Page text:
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Histogenesis is the process by which cells and tissues acquire functional specialization


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Title: Histogenesis is the process by which cells and tissues acquire functional specialization

Histogenesis is the process by which cells and
tissues acquire functional specialization
In humans Cleavage ? gastrulation ?
organogenesis ? histogenesis (2 weeks) (1
week) (4 weeks) (7
months) Organogenesis the formation of organ
rudiments to establish the basic body
plan. Histogenesis differentiation of cells
within the organs to form specialized tissues.
Tissues are composed of cells and extracellular
material that perform a specific function. Each
specific tissue develops mainly from one germ
(No Transcript)
The neural tube gives rise to the central nervous
system and contributes to the peripheral nervous
Central nervous system brain and spinal
cord Peripheral nervous system all nervous
tissue outside of the skull and vertebral column.
From the time of neural tube closure to birth,
approximately 250,000 neurons are formed each
minute. The CNS contains over 100 billion neurons
when complete. How do neural cells grow and
differentiate? The early neural epithelium
contains a pseudostratified layer of stem cells.
The basement membrane is at the outer edge and
tight junctions form at the inner surface.
Different cell types are formed.
Development of neuroepithelium
Neuroepithelial cells differentiate to form two
major types 1. Stem cells have a unlimited
capacity for self renewal 2. Committed progenitor
cells these divide to produce 2 differentiated
types A. Neuroblasts develop into neurons B.
Glioblasts form glial cells that can develop into
astrocytes (glue that holds neurons together),
and oligodendrocytes (form myelin around
neurons). The microglia are macrophages derived
from mesenchyme.
Mantle the inner area where neurons and glial
cells accumulate to form gray matter. Marginal
layer area containing axons of neurons that
transmit signals to other organs. They are
white due to the presence of myelin white
matter. Ependymal cells form the ependymal
layer that lines the cavities. May be stem cells
The spinal cord develops a dorsoventral pattern
All nervous functions depend on development of
complex connections between neurons. These
circuits start to develop in the embryo. Alar
plate as neurons and glial cells accumulate in
the mantle, they form ridges on either side of
the neural tube (dorsal or afferent columns).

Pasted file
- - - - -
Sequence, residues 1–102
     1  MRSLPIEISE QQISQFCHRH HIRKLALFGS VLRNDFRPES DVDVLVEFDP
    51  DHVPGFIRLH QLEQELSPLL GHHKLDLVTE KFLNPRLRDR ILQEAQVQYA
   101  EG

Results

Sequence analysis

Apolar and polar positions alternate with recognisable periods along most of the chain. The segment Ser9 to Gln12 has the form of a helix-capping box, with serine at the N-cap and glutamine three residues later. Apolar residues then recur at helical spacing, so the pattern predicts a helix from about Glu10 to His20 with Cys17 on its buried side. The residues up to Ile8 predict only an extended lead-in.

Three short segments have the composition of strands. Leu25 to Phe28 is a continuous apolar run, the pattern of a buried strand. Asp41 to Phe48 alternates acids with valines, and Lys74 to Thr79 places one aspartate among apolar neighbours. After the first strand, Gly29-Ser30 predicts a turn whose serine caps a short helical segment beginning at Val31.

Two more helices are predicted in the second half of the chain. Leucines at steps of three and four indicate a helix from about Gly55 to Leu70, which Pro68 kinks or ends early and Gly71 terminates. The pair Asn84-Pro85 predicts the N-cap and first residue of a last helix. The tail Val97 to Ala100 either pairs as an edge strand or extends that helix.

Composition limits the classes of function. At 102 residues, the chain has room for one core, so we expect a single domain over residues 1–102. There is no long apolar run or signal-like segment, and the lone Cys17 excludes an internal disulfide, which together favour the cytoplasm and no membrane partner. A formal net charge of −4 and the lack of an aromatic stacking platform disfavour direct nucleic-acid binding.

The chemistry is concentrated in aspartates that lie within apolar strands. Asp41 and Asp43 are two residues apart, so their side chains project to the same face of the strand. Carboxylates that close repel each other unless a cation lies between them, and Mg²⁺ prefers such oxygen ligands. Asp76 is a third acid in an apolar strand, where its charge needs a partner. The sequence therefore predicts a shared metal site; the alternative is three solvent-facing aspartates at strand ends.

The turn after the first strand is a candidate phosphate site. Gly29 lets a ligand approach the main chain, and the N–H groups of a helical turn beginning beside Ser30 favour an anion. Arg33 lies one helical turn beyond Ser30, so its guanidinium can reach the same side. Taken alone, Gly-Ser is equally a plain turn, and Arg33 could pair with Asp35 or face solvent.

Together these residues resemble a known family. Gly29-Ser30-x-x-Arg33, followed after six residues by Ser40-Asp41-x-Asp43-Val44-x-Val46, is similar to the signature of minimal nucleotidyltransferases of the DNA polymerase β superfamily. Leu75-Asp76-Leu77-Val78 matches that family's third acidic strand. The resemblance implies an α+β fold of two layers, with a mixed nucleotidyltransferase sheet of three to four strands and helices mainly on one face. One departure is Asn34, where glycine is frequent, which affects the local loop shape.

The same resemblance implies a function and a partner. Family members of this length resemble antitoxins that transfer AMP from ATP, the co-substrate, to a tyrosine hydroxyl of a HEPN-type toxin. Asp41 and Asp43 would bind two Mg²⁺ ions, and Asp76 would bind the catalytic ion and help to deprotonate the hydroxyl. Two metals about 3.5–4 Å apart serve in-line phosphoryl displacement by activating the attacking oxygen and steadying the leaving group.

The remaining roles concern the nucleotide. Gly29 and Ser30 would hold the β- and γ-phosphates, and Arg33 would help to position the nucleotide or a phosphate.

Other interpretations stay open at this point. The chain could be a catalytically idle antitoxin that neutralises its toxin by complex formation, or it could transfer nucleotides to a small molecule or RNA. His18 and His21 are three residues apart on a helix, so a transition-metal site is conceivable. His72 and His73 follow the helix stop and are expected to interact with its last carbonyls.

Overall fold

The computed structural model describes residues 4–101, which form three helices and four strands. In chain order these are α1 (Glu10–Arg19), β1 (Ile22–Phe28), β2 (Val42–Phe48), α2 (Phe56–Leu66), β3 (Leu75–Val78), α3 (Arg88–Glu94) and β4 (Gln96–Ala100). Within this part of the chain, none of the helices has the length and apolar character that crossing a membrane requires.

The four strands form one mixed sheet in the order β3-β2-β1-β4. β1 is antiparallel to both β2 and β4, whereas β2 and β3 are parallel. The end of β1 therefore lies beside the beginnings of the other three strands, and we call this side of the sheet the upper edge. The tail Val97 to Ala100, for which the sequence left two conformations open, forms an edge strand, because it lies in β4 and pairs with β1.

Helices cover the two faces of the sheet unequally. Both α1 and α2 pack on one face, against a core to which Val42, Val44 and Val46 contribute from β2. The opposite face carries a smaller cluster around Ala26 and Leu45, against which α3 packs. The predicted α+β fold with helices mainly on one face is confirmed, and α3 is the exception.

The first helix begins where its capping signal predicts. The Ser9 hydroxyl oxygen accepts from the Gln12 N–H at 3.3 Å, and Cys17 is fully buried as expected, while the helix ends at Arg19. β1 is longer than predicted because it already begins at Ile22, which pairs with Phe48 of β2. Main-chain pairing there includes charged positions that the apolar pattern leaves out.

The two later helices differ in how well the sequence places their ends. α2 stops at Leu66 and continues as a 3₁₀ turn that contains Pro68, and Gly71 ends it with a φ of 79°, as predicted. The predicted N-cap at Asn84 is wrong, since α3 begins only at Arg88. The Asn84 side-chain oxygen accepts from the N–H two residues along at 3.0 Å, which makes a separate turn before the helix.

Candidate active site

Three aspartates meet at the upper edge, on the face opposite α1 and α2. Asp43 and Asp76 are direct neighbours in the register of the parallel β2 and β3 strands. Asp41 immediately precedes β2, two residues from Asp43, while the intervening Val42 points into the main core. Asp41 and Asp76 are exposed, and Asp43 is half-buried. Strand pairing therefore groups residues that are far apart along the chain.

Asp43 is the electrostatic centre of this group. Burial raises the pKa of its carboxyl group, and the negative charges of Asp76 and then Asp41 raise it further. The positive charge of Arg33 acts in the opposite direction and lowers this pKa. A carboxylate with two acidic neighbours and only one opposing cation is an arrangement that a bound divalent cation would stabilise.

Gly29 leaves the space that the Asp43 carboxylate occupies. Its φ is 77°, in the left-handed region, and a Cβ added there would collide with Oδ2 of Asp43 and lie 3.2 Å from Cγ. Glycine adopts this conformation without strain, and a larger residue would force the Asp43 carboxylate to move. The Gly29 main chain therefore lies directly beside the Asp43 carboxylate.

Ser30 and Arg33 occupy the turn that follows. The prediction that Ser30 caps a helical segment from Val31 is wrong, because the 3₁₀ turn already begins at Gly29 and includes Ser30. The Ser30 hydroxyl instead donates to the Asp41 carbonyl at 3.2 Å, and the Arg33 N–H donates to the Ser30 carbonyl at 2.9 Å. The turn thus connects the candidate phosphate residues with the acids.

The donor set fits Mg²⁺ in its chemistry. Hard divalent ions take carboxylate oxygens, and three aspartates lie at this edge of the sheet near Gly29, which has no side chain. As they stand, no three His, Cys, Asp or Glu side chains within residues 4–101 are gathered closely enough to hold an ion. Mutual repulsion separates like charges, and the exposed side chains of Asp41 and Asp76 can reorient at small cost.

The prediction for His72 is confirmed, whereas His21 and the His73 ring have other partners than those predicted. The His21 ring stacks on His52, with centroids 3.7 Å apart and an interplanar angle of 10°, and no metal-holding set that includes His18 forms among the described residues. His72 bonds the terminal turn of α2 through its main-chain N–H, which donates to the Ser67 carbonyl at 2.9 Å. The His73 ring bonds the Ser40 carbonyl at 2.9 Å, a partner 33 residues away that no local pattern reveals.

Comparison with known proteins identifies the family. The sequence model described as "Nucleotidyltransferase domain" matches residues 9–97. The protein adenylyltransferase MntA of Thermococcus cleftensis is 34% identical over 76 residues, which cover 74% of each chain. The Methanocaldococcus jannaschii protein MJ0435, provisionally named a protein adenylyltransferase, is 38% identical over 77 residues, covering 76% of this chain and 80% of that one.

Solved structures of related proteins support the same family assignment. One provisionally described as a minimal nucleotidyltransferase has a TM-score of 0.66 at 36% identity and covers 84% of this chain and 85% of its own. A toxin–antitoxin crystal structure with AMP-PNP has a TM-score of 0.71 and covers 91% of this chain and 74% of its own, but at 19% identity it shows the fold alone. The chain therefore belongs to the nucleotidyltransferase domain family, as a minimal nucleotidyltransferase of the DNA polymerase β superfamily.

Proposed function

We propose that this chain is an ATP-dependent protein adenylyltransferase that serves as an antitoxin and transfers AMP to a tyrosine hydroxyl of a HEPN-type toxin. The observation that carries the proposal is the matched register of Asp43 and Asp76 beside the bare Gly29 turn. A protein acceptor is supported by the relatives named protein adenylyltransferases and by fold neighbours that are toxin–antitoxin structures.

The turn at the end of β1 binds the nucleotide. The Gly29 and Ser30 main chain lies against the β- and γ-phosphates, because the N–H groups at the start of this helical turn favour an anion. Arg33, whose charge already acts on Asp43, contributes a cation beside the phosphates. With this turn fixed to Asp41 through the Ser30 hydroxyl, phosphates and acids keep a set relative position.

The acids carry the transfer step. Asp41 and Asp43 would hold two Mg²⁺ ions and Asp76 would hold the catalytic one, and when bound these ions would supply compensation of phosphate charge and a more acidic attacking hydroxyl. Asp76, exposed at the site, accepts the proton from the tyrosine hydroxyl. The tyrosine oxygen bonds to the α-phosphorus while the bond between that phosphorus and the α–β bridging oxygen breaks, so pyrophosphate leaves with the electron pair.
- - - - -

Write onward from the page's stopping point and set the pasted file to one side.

These will develop into afferent nerves that
conduct signals to the brain. Basal plate
accumulation of cells in the ventral region
produces basal or efferent columns. These will
develop into efferent neurons that carry signals
to muscles and organs (motor neurons). The gray
matter in the mantle layer is composed of cell
bodies of neurons and the white matter in the
marginal layer is composed of myelinated axons.
The floor and roof plates are composed of glial
cells. What causes this pattern?
The notochord and floor plate induce
the dorsoventral pattern of neural development
To examine whether ventral columns were induced
by adjacent tissue, an extra notochord was
grafted to the side of the developing neural
This created an extra floor plate and ventral
column, suggesting that it induced these
structures. If the notochord was removed, no
ventral column or floor plate developed,
consistent with the above idea. It is believed
that the notochord first induces the floor plate
and the floor plate then induces ventral columns.
This was confirmed by grafting a floor plate,
which also induced efferent nerves. What is the
molecular nature of this inducer of dorsoventral
Sonic hedgehog (shh) induces the dorsoventral
Sonic hedgehog (shh) is a gene that is expressed
in the notochord at first and later in the floor
plate. Mice that lack shh fail to develop floor
plates in the CNS. Shh is a secreted
glycoprotein that induces a gradient that is high
near the floor plate and progressively lower in
dorsal regions. Shh initially induces neural
plate cells to form floor plate. Other signals
from the dorsal ectoderm direct the dorsal
columns and the roof plate. Different levels of
shh appear to specify different types of neuron
Different concentrations of shh induce distinct
types of neurons
In the developing spinal cord, the floor plate
produces shh and creates a concentration
gradient. Motor neurons develop closest to the
floor plate, type 2 interneurons are next,
followed by type 1 interneurons. To see whether
the shh gradient is really important, isolated
cells from neural tubes were cultured in various
concentrations of shh. Cells were stained with
antibody specific for floor plate, motor neurons,
or type 1 or 2 interneurons.
Bone morphogenetic protein released by the dorsal
ectoderm and roof plate has an analogous function
in generating the dorsal columns
How does the brain develop?
The initial stages of brain development are
similar to spinal cord (neurulation and
establishment of the dorsoventral pattern. The
brain becomes more complex as the central canal
expands to form four fluid filled ventricles.
After 4 weeks, the human brain has 3 regions, the
prosencephalon, mesencephalon, and
rhombencephalon. By 5 weeks the prosencephalon
divides into telencephalon (2 outpockets that
will become the cerebral hemispheres surrounding
the 1st and 2nd ventricles) and the diencephalon
which forms around the 3rd ventricle. The
rhombencephalon forms the metencephalon in the
anterior and the myelencephalon in the posterior.
The myelencephalon surrounds the 4th ventricle.
Flow chart showing brain development
Brain of a four month old fetus
Telencephalon forms the cerebral hemispheres
with 1st and 2nd ventricles Diencephalon forms
the posterior pituitary gland (infundibulum), the
thalamus (sleep), and hypothalamus (homeostasis)